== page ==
Hundreds of school leaders say they’ll be facing a host of tough, gut-wrenching decisions to keep the lights on if lawmakers can’t find a way to prop up district budgets.

According to a survey conducted by school administrators, nearly 7 in 10 districts expect class sizes to balloon next year. Most can’t afford new textbooks. Nearly 3 in 10 are considering job cuts. Nearly all say they’ll be cutting arts, athletics, advanced coursework, summer programs or field trips.

And an increasing number are considering cutting school weeks down to four days or spending less time in the classroom.

“Tight budgets are forcing schools to cut programs that we know are good for students,” said Shawn Hime, executive director of the state’s School Boards Association, in a statement.

“This path isn’t sustainable if our state truly values education as the foundation of our state’s economic future and the key to lifting Oklahoma families out of poverty.”

Since 2009, lawmakers have cut nearly $1 billion from school budgets. Schools have shed about 2,050 teachers even while school enrollment has grown by 39,000 students, according to the analysis conducted by the state School Boards Association and the Cooperative Council for School Administration and made public Monday.

Student enrollment, meanwhile, is growing faster than funding, and school employee health insurance costs continue to rise.

Lawmakers are now spending about $225 less per student since 2009, Hime said.

“Schools are really struggling with the ability to be able to pay their bills and have a balanced budget by the end of the school year,” Hime said.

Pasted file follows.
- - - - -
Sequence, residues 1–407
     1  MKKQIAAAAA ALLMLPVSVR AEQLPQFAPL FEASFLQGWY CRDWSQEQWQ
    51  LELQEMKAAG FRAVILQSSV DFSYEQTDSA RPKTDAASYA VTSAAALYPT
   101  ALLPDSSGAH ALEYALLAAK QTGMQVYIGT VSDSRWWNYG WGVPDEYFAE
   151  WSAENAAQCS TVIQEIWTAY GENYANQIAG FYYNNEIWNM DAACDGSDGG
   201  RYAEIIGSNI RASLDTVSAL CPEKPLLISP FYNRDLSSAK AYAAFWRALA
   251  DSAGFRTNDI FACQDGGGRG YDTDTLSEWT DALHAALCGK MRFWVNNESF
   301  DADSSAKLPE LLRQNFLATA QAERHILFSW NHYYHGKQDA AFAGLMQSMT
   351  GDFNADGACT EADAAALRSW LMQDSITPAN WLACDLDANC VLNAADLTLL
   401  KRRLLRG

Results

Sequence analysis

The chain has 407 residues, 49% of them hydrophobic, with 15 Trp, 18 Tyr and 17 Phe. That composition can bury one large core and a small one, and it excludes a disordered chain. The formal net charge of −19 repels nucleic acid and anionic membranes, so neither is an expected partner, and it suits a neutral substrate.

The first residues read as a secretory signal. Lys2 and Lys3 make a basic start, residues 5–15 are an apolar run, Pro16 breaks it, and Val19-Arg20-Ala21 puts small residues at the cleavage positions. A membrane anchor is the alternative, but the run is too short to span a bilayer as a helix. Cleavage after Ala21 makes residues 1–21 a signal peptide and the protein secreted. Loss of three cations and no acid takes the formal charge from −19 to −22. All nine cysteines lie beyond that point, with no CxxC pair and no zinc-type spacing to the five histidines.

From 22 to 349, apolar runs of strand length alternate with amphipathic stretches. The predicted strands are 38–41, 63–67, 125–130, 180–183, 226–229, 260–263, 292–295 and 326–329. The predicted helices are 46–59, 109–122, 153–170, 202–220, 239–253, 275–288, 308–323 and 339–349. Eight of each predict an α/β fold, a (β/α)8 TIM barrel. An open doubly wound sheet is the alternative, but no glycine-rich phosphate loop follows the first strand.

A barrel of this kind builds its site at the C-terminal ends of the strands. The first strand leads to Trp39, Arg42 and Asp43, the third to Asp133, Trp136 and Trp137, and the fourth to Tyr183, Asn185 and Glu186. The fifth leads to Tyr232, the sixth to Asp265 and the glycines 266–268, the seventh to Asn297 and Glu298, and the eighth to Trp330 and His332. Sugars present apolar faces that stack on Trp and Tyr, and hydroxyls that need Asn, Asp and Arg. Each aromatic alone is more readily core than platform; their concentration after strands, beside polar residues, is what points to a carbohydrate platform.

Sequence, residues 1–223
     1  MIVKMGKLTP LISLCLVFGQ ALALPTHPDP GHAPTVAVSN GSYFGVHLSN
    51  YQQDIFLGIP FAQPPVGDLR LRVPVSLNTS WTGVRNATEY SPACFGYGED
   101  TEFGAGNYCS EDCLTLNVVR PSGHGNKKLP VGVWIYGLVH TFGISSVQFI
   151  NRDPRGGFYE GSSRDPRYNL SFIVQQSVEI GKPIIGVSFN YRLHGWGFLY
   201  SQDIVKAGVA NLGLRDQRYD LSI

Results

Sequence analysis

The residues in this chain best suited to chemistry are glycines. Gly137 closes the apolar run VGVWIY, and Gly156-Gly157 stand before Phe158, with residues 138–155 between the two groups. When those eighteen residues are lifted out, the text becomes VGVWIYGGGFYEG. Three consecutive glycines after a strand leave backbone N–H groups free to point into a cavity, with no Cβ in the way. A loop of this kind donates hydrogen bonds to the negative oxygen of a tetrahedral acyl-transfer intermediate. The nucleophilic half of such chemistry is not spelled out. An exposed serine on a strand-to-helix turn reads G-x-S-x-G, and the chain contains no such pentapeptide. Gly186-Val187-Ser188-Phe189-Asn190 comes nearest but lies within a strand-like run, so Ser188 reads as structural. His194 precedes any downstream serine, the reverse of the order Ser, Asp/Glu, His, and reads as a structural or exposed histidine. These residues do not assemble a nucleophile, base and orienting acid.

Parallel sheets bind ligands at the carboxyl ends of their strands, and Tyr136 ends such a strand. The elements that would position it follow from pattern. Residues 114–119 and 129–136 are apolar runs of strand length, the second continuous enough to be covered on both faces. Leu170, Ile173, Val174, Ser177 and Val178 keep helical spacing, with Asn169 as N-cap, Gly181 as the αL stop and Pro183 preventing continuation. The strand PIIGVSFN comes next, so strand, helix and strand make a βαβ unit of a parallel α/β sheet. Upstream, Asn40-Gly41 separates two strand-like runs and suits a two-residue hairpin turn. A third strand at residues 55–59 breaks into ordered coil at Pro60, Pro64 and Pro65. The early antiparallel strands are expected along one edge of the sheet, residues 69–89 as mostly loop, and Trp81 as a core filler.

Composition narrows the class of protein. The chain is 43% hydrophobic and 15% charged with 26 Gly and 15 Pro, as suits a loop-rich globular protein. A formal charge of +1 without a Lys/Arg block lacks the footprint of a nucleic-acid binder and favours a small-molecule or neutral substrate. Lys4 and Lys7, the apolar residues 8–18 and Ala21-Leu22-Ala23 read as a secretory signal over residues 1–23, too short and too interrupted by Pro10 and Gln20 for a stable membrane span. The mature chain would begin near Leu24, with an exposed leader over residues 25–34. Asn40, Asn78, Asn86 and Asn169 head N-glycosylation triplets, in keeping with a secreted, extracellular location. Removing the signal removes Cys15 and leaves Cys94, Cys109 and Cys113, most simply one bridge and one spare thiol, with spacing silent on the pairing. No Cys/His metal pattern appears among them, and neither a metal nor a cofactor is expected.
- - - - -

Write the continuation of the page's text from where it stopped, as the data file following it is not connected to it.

Cooperative Council executive director Pam Deering said superintendents understand lawmakers are in an “incredibly difficult situation and have competing priorities,” but education funding must be paramount.

“We continue to put the future of our students at risk with cuts, and we’re eager to work with legislators so schools can make decisions in the best interests of students,” she said in a statement.

Hime said schools have exhausted their savings, so every cut going forward will impact the classroom.

“We must have a long-term funding solution to increase public school funding and to increase teacher pay to a competitive level,” he said.

However, top Republican lawmakers warned that the state’s $878 million budget shortfall would make it difficult to protect K-12 schools from looming cuts.

For the past few years, lawmakers have fought to protect schools from budget reductions, but with nearly one in three dollars now spent on K-12 education, it’s becoming increasingly challenging to spare them, said Senate President Pro Tem Mike Schulz, R-Altus.

“When they consume nearly a third of the appropriated dollar, it’s very difficult to hold them harmless and not eliminate the rest of state government,” he said.

Some sort of cut is likely, even as his colleagues continue to hash out a plan to give public school teachers raises, Schulz said.

House Speaker Charles McCall, R-Atoka, said he would prefer that K-12 schools see no cuts given that the student population continues to grow.

“To cut common education even in a tough budget cycle like this makes that much more difficult for public education,” he said.

Janelle Stecklein covers the Oklahoma Statehouse for CNHI’s newspapers and websites. Reach her at jstecklein@cnhi.com

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